Product Planning: Story Mapping & Customer Discovery

This article is an excerpt from the Shortform book guide to "Inspired" by Marty Cagan. Shortform has the world's best summaries and analyses of books you should be reading.

Like this article? Sign up for a free trial here.

What is story mapping in reference to product planning? How does the customer discovery process help you find reference customers?

There are two techniques you should use during the planning stage in product development: story mapping and customer discovery. Story mapping helps companies plan how to build products and customer discovery helps you find your loyal customers.

Read about each technique below.

Product Planning

Step two in the product discovery process is figuring out how to create the infrastructure necessary to get a product to market. This is the planning stage of the process. Useful techniques include story mapping and customer discovery.

Story Mapping

Story mapping is the creation of a more complex “to do” list. It’s a simple but useful technique that helps companies plan how to build products.

Create a 2D map of your product. From left to right along a line, place the activities your user can do on your product, basically in the order that they’ll do them. You might have dots like “open the app” or “sign in” near the beginning and “edit their profile” closer to the middle/end. Vertically, add the tasks necessary to make all of these activities work. The more complex the activity, the higher the vertical bar will be. This way, you can clearly see what to accomplish and what parts of your idea will be more or less difficult. As customers provide feedback on prototypes, you can add that to the map. 

Customer Discovery

Customer discovery is a technique that helps to find reference customers, or customers who are loyal to the product. These customers are the lifeblood of any company—they help you determine how to market the product, and they help spread the word about it to similar customers. They are people who would pay for a final version of your product and like it enough that they would recommend it to friends. The process is generally more complex than story mapping.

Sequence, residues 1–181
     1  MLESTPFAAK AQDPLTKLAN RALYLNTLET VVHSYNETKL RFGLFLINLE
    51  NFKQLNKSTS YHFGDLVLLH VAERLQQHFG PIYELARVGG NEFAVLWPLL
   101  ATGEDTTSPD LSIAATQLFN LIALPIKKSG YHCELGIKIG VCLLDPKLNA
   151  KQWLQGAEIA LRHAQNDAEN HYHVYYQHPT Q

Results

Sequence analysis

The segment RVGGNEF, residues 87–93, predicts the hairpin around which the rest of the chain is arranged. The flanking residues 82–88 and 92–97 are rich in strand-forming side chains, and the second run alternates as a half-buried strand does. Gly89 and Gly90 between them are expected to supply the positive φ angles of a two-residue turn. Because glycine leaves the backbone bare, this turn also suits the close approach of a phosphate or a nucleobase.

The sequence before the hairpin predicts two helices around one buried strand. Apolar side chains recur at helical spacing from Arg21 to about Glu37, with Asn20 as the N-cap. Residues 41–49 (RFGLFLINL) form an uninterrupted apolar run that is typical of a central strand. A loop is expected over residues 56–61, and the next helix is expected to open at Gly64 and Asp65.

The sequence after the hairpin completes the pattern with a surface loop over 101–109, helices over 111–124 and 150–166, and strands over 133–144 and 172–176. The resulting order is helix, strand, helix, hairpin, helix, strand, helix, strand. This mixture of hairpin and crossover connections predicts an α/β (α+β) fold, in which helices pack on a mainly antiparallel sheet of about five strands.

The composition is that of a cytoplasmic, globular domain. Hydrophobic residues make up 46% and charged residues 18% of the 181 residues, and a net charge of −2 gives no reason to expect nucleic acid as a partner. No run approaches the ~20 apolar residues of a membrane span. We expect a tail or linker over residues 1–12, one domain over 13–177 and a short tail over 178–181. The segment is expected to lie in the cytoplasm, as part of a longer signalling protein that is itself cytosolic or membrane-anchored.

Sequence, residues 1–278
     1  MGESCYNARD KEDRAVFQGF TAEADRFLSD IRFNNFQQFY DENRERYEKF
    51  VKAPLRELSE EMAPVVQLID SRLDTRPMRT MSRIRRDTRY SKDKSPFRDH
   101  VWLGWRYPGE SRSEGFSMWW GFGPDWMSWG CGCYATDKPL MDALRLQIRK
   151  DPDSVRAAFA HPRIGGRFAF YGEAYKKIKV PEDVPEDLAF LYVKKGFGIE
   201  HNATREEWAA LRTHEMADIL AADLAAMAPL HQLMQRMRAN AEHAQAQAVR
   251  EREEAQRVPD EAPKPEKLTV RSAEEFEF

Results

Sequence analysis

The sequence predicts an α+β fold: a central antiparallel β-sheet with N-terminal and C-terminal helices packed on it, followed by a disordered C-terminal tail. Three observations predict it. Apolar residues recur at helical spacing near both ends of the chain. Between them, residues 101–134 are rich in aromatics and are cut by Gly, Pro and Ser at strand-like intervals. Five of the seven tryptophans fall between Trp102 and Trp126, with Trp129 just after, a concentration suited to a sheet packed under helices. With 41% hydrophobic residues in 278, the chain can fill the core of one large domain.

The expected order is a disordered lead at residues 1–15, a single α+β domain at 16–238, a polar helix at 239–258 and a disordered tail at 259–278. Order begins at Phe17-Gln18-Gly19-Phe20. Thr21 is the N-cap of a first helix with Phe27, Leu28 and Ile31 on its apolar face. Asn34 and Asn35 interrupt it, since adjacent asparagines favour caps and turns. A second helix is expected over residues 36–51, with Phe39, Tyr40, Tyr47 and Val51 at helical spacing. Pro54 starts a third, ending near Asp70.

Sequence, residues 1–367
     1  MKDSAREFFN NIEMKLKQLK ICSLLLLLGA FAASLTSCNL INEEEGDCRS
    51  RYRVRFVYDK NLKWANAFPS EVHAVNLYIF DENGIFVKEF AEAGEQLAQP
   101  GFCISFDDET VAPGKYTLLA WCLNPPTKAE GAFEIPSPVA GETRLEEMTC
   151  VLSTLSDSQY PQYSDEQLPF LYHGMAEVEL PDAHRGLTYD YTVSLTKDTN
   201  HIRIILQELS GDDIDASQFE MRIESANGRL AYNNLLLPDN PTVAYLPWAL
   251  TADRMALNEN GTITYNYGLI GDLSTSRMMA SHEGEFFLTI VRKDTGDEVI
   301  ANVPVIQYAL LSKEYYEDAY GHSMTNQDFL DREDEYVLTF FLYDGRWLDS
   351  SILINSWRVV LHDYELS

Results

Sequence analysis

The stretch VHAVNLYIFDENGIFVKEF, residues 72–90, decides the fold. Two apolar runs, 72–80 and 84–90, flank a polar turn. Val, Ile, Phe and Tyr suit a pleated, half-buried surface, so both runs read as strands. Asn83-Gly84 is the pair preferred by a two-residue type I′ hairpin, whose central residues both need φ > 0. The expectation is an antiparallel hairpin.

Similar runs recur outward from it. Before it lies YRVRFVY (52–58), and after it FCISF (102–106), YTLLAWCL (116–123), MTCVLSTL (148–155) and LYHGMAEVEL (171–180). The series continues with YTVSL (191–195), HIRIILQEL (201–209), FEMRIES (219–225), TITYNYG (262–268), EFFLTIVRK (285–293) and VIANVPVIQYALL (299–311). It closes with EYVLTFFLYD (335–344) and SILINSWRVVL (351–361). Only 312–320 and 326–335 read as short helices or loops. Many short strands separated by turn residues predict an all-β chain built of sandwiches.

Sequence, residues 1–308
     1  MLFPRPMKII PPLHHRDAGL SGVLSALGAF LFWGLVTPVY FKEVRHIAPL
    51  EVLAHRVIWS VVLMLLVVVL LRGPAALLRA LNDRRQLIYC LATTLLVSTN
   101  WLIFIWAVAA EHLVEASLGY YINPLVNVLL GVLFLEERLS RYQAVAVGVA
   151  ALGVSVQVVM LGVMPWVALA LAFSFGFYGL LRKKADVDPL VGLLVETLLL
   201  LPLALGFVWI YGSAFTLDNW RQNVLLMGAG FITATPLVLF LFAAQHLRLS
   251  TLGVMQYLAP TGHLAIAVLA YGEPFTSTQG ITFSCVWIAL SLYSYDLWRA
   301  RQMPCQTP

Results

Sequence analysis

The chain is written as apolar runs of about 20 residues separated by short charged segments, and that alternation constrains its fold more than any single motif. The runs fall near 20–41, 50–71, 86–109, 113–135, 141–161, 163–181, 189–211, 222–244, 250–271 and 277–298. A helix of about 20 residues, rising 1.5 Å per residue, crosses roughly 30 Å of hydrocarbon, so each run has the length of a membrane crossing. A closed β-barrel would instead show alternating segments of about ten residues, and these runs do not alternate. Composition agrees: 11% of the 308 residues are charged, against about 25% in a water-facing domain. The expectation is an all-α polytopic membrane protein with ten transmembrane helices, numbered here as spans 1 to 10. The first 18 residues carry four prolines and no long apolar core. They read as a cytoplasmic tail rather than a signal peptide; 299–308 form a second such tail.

As few as six reference customers can help your company grow exponentially. Before fully launching, a company should recruit between six and eight of these people. The best reference customers share these characteristics:

  • They are in the company’s target market/audience. 
  • The product helps them solve a significant problem in their life.
  • They are not obsessed with tech.
  • They are willing to help the company and have the time to do so.

Recruit these customers either from existing users who have a problem they need to have solved, or from surveys that determine whether potential customers could use your product. Once you find these people, treat them like colleagues or partners rather than test subjects. You both need one another equally. 

Prospective reference customers will be excited by the idea of having some input into the product. The product team can use the reference customers to test out their products before launch. The product manager needs to identify one solution that solves the problem that all reference customers had going into the test. Otherwise, it’s possible the solution will be too specifically tailored. 

All of this is a lot of effort, especially for the product manager running all of this. But if you have six people at the end of it whose problems are truly solved and who are willing to go to bat for the company, this almost necessarily means that there are a lot more people in the target market who would benefit significantly from this. 

Product Planning: Story Mapping & Customer Discovery

———End of Preview———

Like what you just read? Read the rest of the world's best book summary and analysis of Marty Cagan's "Inspired" at Shortform.

Here's what you'll find in our full Inspired summary:

  • A two-step plan for creating and sustaining successful technology products
  • Why product managers are so important in product development
  • How to avoid some of the biggest pitfalls that most tech companies fall into

Hannah Aster

Hannah graduated summa cum laude with a degree in English and double minors in Professional Writing and Creative Writing. She grew up reading books like Harry Potter and His Dark Materials and has always carried a passion for fiction. However, Hannah transitioned to non-fiction writing when she started her travel website in 2018 and now enjoys sharing travel guides and trying to inspire others to see the world.

Leave a Reply

Your email address will not be published. Required fields are marked *